Wednesday, February 23, 2011
The Storm after the Calm
A big one strikes without warning or fanfare. Monday's snowfall snuck into town like a thief on padded socks, and left in a huge churning morass of slushy mess, with abandoned cars and trucks by the dozen on unsalted roadways and parkways.
It's just a little rain, I thought, as I drove out to collect M from a sleepover. It was just going to be a wet day and evening. Until I looked outside amazed at the brown deck now covered with a layer of white pellets. The white stuff was coming down in bigger clumps. A couple of hours later, and it was still coming down, now about 2 inches.
I reached for the phone to alert my husband- he's sometimes so busy on the phone that he will not turn and look out of his huge glass windows. "Don't delay leaving work for too long- the roads are likely to be nasty. It's been 2 hours with no sign of salting trucks, out here. Everything's turning white including the roads."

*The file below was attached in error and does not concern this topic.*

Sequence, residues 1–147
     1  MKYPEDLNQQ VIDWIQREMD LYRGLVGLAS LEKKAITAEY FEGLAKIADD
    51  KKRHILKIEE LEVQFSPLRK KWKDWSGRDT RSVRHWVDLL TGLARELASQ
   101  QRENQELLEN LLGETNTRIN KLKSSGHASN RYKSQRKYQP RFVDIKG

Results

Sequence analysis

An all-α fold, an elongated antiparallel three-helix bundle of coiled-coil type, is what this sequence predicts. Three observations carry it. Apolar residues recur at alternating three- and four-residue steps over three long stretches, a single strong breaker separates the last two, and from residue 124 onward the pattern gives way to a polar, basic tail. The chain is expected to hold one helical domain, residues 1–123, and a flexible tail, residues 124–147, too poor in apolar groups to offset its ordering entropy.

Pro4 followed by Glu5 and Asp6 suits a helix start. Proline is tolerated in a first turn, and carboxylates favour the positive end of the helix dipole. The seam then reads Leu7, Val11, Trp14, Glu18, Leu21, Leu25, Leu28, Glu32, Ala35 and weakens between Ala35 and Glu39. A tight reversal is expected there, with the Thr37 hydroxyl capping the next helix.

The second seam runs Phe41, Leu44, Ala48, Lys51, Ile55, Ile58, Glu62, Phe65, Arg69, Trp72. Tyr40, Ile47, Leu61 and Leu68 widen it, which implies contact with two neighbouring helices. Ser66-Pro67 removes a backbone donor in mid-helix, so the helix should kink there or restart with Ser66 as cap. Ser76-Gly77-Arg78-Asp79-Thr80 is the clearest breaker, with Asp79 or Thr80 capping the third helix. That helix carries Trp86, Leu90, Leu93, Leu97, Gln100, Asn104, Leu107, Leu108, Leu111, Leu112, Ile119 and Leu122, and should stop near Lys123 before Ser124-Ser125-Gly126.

Three hours later, the desultory skeleton crew had been by twice on our roads, but with barely any effect, as the snow continued to fall. The radar picture showed a storm system determinedly centred over our area. This was going to stay in place for the next several hours, one could tell.
The garage door opened, and closed. My husband clambered up the steps, a huge grin plastered on his face at having made it home in one piece. "I nearly steered into another car near Carnegie. The roads were so bad that I took the long way home, just to avoid the side roads." Well, at least he was safe home now.
The next morning showed a grand total of 7 inches, though I'm sure that our driveway had at least 9. The lay of the land guarantees that snow drifts pile up against the garage doors, sometimes as high as 10 inches. Time to break out the snowblower for the first time this winter.
And silly me, here I thought that Punxsutawney Phil's prediction this year of an early spring meant no more late winter snowstorms! Well, there's always tomorrow, where there is already a flood watch out for melting snow from the storm, followed by temperatures blazing up into the 40s, so that all the snow on the ground melts in double-quick time.